Chough report: January 2012

The breeding pairs seem to be tolerating each other there has not been any aggression this month to warrant removing a pair. On the 22nd the birds began their ‘breeding diet’, which means mixed corn is removed and finely chopped heart added. This will be kept up until the end of August. 

Building work began on the new chough breeding aviaries. We now have two aviaries in Shep’s Field set up to maximise breeding potential. The nest-boxes have been fitted and are awaiting the installation of a camera to one and alteration to a hatch so we can open it. The cameras will then be wired up so we can view the footage on the network computers. This is likely to require laying underground a cable to the Orang-utan Building kitchen.

Rennovating the aviaries for chough breeding facilities. Photo by Liz CorryThere are still a few ‘tweaks’ to do to make the breeding aviaries effective seclusion aviaries and a bit of interior design regarding substrate and enrichment. Otherwise all is on course for moving the birds in March.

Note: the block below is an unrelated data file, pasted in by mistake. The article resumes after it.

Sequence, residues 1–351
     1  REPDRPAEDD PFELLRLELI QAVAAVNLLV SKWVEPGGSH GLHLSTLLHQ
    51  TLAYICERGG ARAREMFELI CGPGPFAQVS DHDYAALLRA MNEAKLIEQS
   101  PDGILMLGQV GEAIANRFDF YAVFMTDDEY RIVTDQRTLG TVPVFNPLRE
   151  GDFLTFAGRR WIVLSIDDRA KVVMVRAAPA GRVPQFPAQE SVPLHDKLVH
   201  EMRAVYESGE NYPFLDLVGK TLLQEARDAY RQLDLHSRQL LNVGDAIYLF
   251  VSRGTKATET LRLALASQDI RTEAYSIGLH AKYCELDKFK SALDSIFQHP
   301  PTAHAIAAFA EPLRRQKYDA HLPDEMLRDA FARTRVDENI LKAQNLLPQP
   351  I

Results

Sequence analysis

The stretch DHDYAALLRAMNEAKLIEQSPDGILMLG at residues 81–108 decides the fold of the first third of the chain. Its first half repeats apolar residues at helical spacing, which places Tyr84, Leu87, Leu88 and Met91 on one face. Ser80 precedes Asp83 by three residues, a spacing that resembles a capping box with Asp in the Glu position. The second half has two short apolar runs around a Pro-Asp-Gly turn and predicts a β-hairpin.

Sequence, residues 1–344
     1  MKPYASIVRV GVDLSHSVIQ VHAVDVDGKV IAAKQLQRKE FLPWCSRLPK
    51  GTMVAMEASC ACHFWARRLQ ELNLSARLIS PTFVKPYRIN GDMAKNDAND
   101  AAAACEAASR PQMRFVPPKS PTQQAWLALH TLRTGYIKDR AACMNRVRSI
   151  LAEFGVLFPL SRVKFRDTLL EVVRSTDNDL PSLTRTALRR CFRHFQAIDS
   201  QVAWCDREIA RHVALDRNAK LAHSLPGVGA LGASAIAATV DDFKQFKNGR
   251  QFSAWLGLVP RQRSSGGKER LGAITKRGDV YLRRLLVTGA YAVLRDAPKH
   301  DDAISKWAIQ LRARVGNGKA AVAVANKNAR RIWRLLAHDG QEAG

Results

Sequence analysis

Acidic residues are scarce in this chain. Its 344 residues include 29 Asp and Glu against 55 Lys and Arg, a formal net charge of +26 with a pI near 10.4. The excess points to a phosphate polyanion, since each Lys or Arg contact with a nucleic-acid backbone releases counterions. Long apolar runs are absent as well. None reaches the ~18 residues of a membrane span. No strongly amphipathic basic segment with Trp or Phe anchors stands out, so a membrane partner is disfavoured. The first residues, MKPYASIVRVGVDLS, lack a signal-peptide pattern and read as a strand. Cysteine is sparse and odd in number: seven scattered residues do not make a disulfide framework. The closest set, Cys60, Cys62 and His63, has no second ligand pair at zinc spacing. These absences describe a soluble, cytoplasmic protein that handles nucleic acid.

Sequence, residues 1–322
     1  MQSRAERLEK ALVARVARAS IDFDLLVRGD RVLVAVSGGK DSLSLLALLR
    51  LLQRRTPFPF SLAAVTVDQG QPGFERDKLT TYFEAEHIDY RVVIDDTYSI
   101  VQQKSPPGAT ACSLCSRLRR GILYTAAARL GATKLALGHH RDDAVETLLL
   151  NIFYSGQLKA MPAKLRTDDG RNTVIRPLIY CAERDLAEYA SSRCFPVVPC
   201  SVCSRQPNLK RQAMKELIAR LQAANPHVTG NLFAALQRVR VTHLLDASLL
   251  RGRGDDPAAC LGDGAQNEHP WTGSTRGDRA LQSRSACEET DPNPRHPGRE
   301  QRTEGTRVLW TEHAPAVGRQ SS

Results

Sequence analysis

The birds in the display aviary are now more confident at coming down to the ground to feed. This is evident by the probing holes in the soil and barkchip. There is still tension between the adult pairs. To help simplify the situation when describing their relationships we have given the pairs names. The metal pair (B6694 ♂ and B6697 ♀) will now be known as Arthur and Gwinny respectively. The others (B6696 ♂ and B6695 ♀) have been named Tristan and Iseult respectively.

Arthur and Gwinny. Photo by Liz CorryThe juveniles imported from Paradise Park in 2011 have started to form bonds and like to perch together in pairs. Green (♂) and yellow (♀) have often been seen preening each other. Likewise mauve (♂) and white (♀) will hang-out together. On occasion orange has been pushed out of the group and not allowed to perch next to the others. It will be interesting to see if this behaviour continues.

Ps. A newt has been spotted in display aviary pond!

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